All authors participated in the discussion of results and H. We thank the Toyofuji Shipping Co. Kariya and T. Yamada of the Global Environmental Forum for their assistance with data collection. We also thank C.
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Morino and T. Nagashima NIES for valuable discussion. National Center for Biotechnology Information , U. Sci Rep. Published online Sep Author information Article notes Copyright and License information Disclaimer. Since MARIN was founded we have made thousands of ships and operations around the world safer, faster, more efficient and greener. Aiming to bridge the gap between design and operation we are involved in the entire lifecycle of the ship, from the initial concept development to design, construction and subsequently to the final operation. This allows us to continuously assess and improve our research.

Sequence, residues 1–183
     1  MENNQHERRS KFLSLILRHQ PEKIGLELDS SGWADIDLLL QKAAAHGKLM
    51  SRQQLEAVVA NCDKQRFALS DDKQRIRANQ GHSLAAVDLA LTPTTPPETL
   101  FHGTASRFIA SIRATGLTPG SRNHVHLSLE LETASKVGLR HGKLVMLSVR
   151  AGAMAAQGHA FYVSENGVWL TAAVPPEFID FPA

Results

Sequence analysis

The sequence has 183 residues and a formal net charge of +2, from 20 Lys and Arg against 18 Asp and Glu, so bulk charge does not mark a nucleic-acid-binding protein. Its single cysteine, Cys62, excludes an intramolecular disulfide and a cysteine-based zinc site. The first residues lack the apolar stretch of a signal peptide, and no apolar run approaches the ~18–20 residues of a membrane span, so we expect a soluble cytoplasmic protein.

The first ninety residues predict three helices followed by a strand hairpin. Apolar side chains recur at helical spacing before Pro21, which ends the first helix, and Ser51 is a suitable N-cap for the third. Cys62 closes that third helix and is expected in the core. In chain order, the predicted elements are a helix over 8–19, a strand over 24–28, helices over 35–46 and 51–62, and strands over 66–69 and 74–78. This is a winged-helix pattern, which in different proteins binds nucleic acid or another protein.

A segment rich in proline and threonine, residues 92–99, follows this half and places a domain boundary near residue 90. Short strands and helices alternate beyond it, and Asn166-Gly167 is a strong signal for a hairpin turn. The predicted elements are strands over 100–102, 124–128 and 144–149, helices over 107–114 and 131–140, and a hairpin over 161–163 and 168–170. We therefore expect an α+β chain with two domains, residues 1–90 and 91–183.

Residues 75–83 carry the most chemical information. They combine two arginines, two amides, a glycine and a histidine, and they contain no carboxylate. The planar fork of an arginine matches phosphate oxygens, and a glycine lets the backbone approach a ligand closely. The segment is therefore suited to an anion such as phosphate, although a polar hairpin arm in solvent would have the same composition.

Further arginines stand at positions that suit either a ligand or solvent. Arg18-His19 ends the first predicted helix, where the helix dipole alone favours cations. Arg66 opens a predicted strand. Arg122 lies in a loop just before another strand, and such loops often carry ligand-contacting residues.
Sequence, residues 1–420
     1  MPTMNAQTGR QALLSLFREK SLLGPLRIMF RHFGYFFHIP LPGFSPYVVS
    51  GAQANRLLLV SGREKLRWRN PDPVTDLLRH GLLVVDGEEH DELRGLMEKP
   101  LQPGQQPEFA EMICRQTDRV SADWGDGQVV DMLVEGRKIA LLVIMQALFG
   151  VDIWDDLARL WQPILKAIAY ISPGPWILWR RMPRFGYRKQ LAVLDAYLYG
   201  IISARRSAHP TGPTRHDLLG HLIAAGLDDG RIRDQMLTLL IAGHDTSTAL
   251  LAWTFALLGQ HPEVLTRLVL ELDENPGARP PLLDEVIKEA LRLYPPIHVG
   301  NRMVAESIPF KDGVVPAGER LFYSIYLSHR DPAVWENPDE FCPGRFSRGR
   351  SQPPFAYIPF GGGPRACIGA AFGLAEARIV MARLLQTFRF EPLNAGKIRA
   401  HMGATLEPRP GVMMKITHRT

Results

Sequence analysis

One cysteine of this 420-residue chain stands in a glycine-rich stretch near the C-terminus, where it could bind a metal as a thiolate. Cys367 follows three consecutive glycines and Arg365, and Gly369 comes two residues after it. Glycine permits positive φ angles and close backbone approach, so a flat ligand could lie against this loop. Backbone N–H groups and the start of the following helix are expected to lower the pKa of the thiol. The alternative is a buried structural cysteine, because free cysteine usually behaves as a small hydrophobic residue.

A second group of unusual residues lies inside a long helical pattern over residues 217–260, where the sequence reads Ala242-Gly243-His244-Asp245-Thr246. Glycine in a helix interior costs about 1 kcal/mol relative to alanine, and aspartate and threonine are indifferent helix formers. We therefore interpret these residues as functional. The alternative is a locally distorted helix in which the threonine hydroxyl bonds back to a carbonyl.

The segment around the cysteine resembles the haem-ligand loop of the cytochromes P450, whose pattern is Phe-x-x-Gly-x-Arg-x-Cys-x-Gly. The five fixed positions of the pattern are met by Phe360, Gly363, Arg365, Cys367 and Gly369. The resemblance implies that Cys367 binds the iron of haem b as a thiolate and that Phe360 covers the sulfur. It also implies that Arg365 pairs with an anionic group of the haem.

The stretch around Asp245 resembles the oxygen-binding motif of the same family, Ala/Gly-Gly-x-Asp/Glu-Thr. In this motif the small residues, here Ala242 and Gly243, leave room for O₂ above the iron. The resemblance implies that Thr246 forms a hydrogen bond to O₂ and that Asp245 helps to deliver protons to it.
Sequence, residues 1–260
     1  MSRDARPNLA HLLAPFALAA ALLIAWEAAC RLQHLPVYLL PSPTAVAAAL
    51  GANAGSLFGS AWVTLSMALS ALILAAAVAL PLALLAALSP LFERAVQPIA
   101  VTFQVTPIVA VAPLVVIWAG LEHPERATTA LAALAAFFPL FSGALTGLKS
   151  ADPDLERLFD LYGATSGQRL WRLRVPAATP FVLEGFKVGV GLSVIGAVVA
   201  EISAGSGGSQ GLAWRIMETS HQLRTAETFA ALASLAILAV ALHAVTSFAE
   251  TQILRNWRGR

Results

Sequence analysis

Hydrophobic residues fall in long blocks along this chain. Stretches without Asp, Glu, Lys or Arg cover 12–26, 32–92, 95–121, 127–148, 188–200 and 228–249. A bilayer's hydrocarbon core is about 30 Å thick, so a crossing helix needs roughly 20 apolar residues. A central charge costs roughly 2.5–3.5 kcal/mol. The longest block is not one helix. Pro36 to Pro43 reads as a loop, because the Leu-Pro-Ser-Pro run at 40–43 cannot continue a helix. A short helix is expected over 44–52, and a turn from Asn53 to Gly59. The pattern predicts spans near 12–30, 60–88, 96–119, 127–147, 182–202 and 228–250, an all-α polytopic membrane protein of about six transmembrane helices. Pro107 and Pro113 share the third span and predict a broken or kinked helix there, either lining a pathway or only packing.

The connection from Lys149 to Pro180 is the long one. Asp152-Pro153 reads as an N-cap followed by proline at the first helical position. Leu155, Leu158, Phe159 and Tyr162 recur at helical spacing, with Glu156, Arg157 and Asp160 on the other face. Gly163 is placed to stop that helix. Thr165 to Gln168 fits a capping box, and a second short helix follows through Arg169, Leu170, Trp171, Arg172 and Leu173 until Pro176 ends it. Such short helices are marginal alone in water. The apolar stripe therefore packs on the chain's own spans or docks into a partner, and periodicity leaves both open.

We have a complete range of model test facilities, software tools, simulators, numerical facilities and measurement techniques to test, simulate and monitor ships and operations including the human factor. We offer a complete range of dedicated model test facilities for applied research. Testing with models under realistic conditions remains invaluable as an accurate and objective way to quantify and demonstrate the behaviour and performance of a ship or structure. Complementing each other, each facility is used to solve specific design and research issues.
We use this basin x With a depth adjustable from 0 to 1. This includes factors like proximity of quays and bank suction.
This facility is also used for Concept Development and Design Support for operations and new ship and offshore designs in shallow water. This basin x 4 x 3. It is equipped with a wave generator that can reach a significant wave height of 0. We use this tank x To provide insight in the possible improvements of the performance of the ship the tank has features to measure various wave and flow patterns.
With a depth of Combined wind, waves and swell are generated using wave generations on both sides of the basin as well as a movable wind bed. A movable floor allows testing from shallow to deep water, while a 30 m deep pit is available for ultra-deep water testing. Verifying performance and safety requires accurate representation of a ship and its ride control elements in relevant wave conditions.